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The Lens of An Assured Eye

“Money creates taste.” – Jenny Holzer

“What you really collect is always yourself.” – Jean Baudrillard

The urge to acquire and own art is a time-honoured one. From the grand patronage of Renaissance popes and princes (not to mention de Medici), to eighteenth-century British aristocrats, or the bulk buying of Europe’s cultural heritage by America’s J. Paul Getty, over the centuries art has been amassed for purposes of propaganda, prestige, intellectual enlightenment and sheer pleasure.

Few activities run the gamut of human impulses more comprehensively than the acquisition of art. Yet, however lofty or ignoble the underlying motivation, the cultural significance of art collecting has always extended beyond individual desire. The choices made by the collector affect not only the monetary value of art, but also its cultural status. Collectors have had a lasting impact on the way art is exhibited and perceived, and even what kind of art is produced. When the British Raj amassed quantities of plundered textiles and metal ware, their love of these works influenced both the fellow collectors and the artists of the time; while a few hundred years later, Charles Saatchi’s presentation of Minimalist and 1980s American Art had a direct impact on many of the young British artists who were themselves to enter his collection.

The art collector’s influence is broader today than at any other time in history. After all, why are art galleries and gallerists busy spending time and energy on a near-perfect display of art? Who are they all (the gallerist as well as the artist) trying to lure? Why is it important for the artist to know, swagger and often strut around whose collection his/her artwork has landed into? Why does the art gallery (and/or the artist) that manages sell-out shows, havea chip on its shoulder? The speedy dissemination of information and the ease of international travel offer the collector unrestricted access to an art world. From being a strictly specialist subject catering for a small elite, contemporary art has entered the cultural mainstream in an unprecedented way. This is, perhaps, where one can draw a line between ‘collecting art’ and simply ‘buying art’.  Regardless of the motivation, a collector has a serious, eclectic and discernible approach to accumulating art whereas, in comparison, a plain buyer is a sporadic customer for who the value of art may not be the prime consideration while picking up art arbitrarily. Artists are given celebrity status, and in New York City it is a widely quoted fact that more people visited Imran Qureshi’s in situ artwork on the Met’s rooftop than attended Michael Jackson’s concert at Madison Square Garden. As the worldwide proliferation of museum buildings and the ever more congested calendar of international biennales and triennales testify (let alone private art galleries and art fairs), contemporary art is now a key sector of the leisure industry and a powerful force in urban and national regeneration.

Linked with this recently raised profile is the rapid expansion of the market for contemporary art. This is now a ‘global economy’ supporting large and interconnected communities of buyers, sellers, curators, critics and artists. In this frenetic milieu, the boundaries between the private and public sectors can often become blurred. The opening of Art Basel, the most prestigious of the contemporary art fairs, heralds a simultaneous series of exhibitions throughout the city. From Ayyam Gallery to the tiniest project space on Al Serkal Avenue in Al-Quoz and DIFC, every gallery in Dubai schedules its best shows to coincide with the invasion of the international art world that accompanies the opening of the Dubai Art Fair. At the centre of this maelstrom stands the collector: pursued by the dealers for sales, courted by the institutions for patronage and, with often bemused but more often amused tolerance, entertained by the artists.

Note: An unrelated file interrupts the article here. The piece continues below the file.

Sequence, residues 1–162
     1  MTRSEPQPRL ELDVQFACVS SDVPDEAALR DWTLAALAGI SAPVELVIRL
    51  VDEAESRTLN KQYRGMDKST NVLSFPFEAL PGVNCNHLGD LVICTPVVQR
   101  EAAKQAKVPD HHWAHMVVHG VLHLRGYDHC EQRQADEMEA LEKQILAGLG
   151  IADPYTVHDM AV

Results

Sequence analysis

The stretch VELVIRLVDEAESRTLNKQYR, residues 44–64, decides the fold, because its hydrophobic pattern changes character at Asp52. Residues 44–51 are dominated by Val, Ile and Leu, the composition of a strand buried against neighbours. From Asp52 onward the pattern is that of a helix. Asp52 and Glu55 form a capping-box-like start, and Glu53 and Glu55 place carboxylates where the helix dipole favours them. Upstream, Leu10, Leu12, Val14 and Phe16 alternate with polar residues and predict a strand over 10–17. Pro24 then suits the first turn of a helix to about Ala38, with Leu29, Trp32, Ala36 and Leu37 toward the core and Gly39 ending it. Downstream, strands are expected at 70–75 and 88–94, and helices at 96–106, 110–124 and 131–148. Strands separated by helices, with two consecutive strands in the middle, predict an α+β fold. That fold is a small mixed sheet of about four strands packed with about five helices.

This obsession with consuming the contemporary can be seen as an inevitable product of our high-speed, commercially driven era. But while today’s art market may chime with the prevalent cultural climate, its origins can be traced back to the beginnings of the twentieth-century.

Obsessive is the word most commonly used to describe the collecting instinct. Compulsive, competitive, neurotic, exhibitionist and self-aggrandising are not far behind. Collecting is sometimes seen as a pathological attempt to control the untidiness of everyday life, or as a means to combat mortality. Sigmund Freud, himself an avid collector of antiquities, defined collecting as “compensation for loss.”  In 1968, writing from the radical standpoint of the era, philosopher Jean Baudrillard derided collecting as the means by which consumer society replaces human values and relationships with material objects.

Collecting is often regarded as both malady and therapy. William Hazlitt wrote of his bibliomania as an infirmity, but he also considered the urge to collect as an inborn and indestructible human trait. David Teiger, a New York City-based collector. once said: “People often ask: ‘When did you first get interested in art and collecting?’ And I say that, with me, it was a birth defect. I really believe that.” Like all true collectors, the serious collector of art is driven as much by compulsion as by desire. The compulsion of the best collectors manifests itself as genuine passion for the art itself. It can drive them to collect beyond their capacity to house, display or even afford. That is probably when collecting becomes ‘hoarding.’